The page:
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Evidence on Site: Boscobel House.

Author: Philip Sugg English Heritage; Kanopy (Firm)
Publisher: [San Francisco, California, USA] : Kanopy Streaming, 2015.
Edition/Format:   eVideo : Clipart/images/graphics
Summary:
An introduction to a house where Charles II hid from the Roundheads. Boscobel, near Wolverhampton, England, was an isolated hunting lodge in a forest when the future king fled there after his defeat at Worcester in 1651. While Parliament's forces searched the area, Charles, dressed in servant's clothes, hid in an oak tree and later in a priest's hole within the house. This single dramatic event acted like a  Read more...
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Details

Material Type: Clipart/images/graphics, Internet resource, Videorecording
Document Type: Internet Resource, Computer File, Visual material
All Authors / Contributors: Philip Sugg English Heritage; Kanopy (Firm)
OCLC Number: 921955177
Language Note: In English.
Notes: Title from title frames.
In Process Record.
Event notes: Originally produced by The Roland Collection in 2000.
Description: 1 online resource (streaming video file)
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Abstract:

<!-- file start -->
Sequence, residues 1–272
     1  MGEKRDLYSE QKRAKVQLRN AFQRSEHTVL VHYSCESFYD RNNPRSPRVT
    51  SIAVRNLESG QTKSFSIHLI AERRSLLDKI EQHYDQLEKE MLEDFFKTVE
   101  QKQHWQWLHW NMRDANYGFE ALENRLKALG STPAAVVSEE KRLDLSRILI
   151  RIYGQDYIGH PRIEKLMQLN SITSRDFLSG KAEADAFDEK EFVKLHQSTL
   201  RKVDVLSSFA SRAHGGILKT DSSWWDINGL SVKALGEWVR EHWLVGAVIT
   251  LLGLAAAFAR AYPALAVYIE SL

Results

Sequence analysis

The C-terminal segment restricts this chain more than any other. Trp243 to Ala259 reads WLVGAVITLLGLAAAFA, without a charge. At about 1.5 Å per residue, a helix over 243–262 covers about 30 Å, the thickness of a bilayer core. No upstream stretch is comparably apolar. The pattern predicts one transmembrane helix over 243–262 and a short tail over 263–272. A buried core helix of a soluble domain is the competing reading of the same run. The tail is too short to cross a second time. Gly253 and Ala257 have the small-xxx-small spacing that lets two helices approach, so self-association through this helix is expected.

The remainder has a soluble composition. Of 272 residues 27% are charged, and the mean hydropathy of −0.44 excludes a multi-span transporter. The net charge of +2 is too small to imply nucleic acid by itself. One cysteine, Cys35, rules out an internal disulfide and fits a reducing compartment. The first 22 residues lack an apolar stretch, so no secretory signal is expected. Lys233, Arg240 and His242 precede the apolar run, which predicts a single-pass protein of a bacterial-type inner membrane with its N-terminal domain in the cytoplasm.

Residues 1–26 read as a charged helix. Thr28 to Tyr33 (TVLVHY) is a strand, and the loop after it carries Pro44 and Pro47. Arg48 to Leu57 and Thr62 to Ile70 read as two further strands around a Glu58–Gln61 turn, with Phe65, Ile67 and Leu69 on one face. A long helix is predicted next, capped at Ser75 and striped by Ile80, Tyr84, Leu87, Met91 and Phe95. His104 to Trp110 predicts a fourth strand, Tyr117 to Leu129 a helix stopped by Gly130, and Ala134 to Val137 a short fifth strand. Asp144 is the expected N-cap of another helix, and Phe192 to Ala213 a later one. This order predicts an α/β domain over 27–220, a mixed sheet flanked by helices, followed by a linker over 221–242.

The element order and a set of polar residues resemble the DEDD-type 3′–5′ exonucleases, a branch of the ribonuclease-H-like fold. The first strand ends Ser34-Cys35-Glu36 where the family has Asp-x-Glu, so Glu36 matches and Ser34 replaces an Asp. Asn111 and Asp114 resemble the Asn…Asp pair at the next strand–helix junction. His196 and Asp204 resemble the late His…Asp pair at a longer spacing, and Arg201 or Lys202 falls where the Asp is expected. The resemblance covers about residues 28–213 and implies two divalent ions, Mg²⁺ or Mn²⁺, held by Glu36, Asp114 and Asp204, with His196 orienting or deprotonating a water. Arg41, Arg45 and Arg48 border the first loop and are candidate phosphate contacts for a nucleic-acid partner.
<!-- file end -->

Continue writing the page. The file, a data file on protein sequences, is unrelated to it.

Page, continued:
An introduction to a house where Charles II hid from the Roundheads. Boscobel, near Wolverhampton, England, was an isolated hunting lodge in a forest when the future king fled there after his defeat at Worcester in 1651. While Parliament's forces searched the area, Charles, dressed in servant's clothes, hid in an oak tree and later in a priest's hole within the house. This single dramatic event acted like a time-bomb on Boscobel. When the story became public after Charles's coronation, seventeenth-century tourists flocked to see the oak tree, tearing off branches as souvenirs and eventually killing it - but the house was unaffected. Not until it was sold in the early nineteenth century did the time-bomb explode. The new owners celebrated Boscobel's past by remodeling the house as they thought it might have been in Charles's time. Their view of history was an entertaining mixture of fact and fiction, so many features of the house are not what they seem to be, and need close inspection before one can assess their origins. This documentary explains the complicated history of the house, and the effects of an historic event on a quiet country dwelling. It also raises questions about how we look at the past which are applicable to any site. Credits.

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